Nokia closes the door on “Ovi”, but not on services

Nokia’s EVP and Chief Marketing Officer, Jerri DeVard, announced today that Ovi services will be rebranded as Nokia services, in a transition beginning this July and expected to continue into 2012. Each of the services under the Ovi umbrella will simply be rebranded as Nokia, with no planned disruption to the service roadmaps.

Explaining the shift, DeVard commented: “By centralizing our services identity under one brand, not two, we will reinforce the powerful master brand of Nokia and unify our brand architecture – while continuing to deliver compelling opportunities and experiences for partners and consumers alike.”

So… you’ve built one of the world’s most recognised and respected consumer brands. Mobile phones are the world’s fastest and biggest selling consumer electronics device, and your brand is on the front of more than one in every three mobile phones that gets bought.

You enter a new line of business – services – in which you’re not known as a provider, and which already has some well-known and established leaders. What brand should you use for your services, to give them the best chance of success?

The answer, I suggested when Nokia launched its new set of consumer internet services nearly four years ago, was not “Ovi”. Nor was it any other brand that was completely unknown to the public, and that bore no obvious connection to Nokia. I acknowledged that Nokia might risk damage to its brand by associating it with services that, in some cases, might fail in the marketplace.

But I also believed, and I still believe, that by launching its services under an unknown brand, Nokia made such failures more likely. “Ovi” made it more difficult for Nokia to get rapid take-up for its services, and also made it difficult for Nokia to market those services as part of a total “experience” incorporating service, content and device – because the device and the service had different brands.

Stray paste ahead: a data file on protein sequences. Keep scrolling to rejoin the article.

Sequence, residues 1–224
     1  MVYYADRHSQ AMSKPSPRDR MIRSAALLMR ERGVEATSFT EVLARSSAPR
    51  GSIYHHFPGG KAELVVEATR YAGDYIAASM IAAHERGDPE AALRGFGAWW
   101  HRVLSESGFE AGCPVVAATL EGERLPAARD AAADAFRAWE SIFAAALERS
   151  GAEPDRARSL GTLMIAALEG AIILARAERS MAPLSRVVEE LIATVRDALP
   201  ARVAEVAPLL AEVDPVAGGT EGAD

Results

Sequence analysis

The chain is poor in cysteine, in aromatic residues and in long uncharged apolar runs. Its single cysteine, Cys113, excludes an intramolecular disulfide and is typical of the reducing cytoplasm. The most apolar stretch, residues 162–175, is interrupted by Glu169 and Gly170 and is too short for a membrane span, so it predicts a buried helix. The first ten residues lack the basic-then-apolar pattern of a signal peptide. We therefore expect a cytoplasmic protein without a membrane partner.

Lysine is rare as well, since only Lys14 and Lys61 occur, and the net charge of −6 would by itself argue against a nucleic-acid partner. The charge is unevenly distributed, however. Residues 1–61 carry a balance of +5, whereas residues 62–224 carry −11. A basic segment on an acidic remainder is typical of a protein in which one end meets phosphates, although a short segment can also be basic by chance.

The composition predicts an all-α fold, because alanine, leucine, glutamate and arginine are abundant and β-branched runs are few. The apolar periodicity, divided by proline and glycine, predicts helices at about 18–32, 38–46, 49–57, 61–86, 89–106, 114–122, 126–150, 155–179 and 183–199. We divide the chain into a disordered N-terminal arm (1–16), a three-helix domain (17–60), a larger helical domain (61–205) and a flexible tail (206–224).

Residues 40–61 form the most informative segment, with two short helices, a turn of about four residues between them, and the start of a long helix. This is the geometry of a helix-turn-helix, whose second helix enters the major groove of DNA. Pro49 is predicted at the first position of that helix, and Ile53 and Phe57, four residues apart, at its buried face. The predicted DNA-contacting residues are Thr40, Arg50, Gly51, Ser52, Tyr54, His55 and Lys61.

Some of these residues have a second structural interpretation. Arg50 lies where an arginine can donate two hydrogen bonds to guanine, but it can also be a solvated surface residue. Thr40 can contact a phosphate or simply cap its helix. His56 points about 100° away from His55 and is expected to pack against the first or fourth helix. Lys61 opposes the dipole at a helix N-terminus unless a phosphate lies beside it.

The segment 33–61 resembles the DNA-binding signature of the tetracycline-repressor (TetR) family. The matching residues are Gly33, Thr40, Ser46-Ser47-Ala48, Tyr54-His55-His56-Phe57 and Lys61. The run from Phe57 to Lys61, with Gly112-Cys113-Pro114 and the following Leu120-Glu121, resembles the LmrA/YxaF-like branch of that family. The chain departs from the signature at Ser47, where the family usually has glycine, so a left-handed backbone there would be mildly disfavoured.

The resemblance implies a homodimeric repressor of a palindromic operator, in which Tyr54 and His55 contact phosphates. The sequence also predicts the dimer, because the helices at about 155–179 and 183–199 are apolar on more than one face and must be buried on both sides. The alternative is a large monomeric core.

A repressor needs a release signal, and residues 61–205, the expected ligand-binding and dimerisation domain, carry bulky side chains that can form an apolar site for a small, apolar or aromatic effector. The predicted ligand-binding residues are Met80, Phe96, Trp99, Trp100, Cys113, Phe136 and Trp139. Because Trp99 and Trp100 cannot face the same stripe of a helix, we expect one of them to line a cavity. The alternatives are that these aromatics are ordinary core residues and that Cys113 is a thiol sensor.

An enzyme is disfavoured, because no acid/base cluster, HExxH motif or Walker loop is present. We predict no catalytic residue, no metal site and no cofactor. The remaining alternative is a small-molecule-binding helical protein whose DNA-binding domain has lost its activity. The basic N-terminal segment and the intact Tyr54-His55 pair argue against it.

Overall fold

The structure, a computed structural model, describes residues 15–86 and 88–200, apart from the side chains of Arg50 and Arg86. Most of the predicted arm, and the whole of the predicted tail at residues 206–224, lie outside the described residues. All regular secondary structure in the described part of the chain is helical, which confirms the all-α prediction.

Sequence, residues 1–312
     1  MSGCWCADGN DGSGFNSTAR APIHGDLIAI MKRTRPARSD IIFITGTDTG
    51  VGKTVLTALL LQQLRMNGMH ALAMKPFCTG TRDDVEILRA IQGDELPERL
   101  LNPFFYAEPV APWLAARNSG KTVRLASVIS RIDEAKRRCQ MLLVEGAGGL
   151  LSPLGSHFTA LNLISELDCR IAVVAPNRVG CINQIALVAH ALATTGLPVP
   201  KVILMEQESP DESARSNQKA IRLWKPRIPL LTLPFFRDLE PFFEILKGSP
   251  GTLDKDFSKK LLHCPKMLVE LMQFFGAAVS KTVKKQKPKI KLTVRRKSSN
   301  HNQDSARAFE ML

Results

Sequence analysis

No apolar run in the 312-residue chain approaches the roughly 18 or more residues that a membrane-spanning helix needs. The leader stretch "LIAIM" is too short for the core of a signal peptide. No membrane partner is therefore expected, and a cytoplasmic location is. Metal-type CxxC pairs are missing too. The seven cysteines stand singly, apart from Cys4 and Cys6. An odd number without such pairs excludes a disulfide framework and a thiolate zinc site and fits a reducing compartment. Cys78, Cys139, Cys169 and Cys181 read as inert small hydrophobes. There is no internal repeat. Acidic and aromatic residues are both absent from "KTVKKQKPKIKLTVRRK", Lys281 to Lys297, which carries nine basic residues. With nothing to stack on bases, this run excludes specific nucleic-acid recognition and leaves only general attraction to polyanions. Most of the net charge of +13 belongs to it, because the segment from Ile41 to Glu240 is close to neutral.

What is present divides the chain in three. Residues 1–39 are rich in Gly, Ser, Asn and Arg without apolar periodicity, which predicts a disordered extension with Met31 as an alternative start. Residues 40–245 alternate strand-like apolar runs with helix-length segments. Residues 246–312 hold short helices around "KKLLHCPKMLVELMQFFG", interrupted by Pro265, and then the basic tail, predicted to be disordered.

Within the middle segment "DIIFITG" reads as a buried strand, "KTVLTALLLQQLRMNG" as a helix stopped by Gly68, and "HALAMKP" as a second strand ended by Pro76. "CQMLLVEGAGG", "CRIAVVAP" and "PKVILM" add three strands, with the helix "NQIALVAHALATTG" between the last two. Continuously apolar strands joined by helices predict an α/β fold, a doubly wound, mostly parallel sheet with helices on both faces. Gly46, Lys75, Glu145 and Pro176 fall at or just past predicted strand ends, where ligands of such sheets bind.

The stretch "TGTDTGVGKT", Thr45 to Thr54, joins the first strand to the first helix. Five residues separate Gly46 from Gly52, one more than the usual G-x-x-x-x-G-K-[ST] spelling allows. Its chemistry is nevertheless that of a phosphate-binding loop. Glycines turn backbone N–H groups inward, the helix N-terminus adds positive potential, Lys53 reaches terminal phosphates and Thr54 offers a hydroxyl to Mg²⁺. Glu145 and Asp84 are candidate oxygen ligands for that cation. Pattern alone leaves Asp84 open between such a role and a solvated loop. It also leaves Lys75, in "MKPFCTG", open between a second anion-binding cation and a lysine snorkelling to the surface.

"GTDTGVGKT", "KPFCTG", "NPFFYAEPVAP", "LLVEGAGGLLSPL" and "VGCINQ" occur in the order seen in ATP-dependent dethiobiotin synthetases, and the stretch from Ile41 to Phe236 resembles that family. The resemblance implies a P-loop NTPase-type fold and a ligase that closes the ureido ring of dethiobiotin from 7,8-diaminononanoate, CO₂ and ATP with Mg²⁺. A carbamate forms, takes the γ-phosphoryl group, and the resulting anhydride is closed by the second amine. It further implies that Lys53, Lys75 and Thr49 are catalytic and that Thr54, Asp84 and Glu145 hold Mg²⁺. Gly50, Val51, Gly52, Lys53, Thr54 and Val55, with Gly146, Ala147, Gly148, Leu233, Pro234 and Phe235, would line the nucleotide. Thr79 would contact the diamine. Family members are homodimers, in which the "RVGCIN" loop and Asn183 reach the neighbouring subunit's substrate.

Some of Nokia’s Ovi services have, indeed, been unsuccessful. For example, Ovi Share has been discontinued. Some services, on the other hand, are starting to do well. Ovi Store, for example, is showing substantial growth momentum. In April, Nokia reported that the download rate from Ovi Store had reached 5 million per day, up from around 1 million the previous year, and that the number of apps had grown eight-fold over the previous year to reach around 40,000.

Those are strong numbers – but they could have been stronger still, we believe, if the service had carried the Nokia brand.

Nokia’s former CEO Olli-Pekka Kalasvuo once said: “Services are not an interesting sideline for us; they are critical to the future of our business.” But Nokia has not played with a stake that is high enough to reflect that stated importance. It has been unwilling to maximise its chances of success by putting its brand on its services.

Companies that have, by contrast, succeeded with new services by putting their brand on them include Apple, Google and Microsoft. Nokia needed to take the same risk. Now that it is disengaging from the platform software business, it’s more important than ever that Nokia gets some momentum behind its new services line of business.

I believe that using its primary brand directly will maximise Nokia’s chances of success. It was risky four years ago, and it’s still risky – but it’s a risk that Nokia can no longer afford to avoid.

SHARETweet about this on TwitterShare on LinkedInShare on FacebookShare on Google+Pin on PinterestDigg thisShare on RedditShare on TumblrShare on StumbleUponEmail this to someone

John Delaney joined IDC in 2008 as research director of the Consumer Mobile service. In this role he is primarily responsible for research into telecoms and media services aimed at individual end users. A well-regarded industry commentator and analyst, John is a frequent contributor to the business news media and is a regular speaker at industry events such as seminars and conferences. Before joining IDC, he was a principal analyst in the consumer practice at Ovum. He has a BSc in physics from the University of Warwick.